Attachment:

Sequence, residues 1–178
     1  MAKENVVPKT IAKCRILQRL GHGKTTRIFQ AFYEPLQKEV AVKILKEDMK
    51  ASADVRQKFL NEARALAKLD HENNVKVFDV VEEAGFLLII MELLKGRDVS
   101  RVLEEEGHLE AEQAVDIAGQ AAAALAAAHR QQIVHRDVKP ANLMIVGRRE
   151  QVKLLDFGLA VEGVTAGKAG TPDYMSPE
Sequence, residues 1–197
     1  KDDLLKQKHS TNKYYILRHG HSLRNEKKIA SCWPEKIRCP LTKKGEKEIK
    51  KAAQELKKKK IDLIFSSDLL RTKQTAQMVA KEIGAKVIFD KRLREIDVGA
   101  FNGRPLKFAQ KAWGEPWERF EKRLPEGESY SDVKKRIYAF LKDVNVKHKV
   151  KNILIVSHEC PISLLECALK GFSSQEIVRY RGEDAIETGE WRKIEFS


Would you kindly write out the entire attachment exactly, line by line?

Sequence, residues 1–178
     1  MAKENVVPKT IAKCRILQRL GHGKTTRIFQ AFYEPLQKEV AVKILKEDMK
    51  ASADVRQKFL NEARALAKLD HENNVKVFDV VEEAGFLLII MELLKGRDVS
   101  RVLEEEGHLE AEQAVDIAGQ AAAALAAAHR QQIVHRDVKP ANLMIVGRRE
   151  QVKLLDFGLA VEGVTAGKAG TPDYMSPE
Sequence, residues 1–197
     1  KDDLLKQKHS TNKYYILRHG HSLRNEKKIA SCWPEKIRCP LTKKGEKEIK
    51  KAAQELKKKK IDLIFSSDLL RTKQTAQMVA KEIGAKVIFD KRLREIDVGA
   101  FNGRPLKFAQ KAWGEPWERF EKRLPEGESY SDVKKRIYAF LKDVNVKHKV
   151  KNILIVSHEC PISLLECALK GFSSQEIVRY RGEDAIETGE WRKIEFS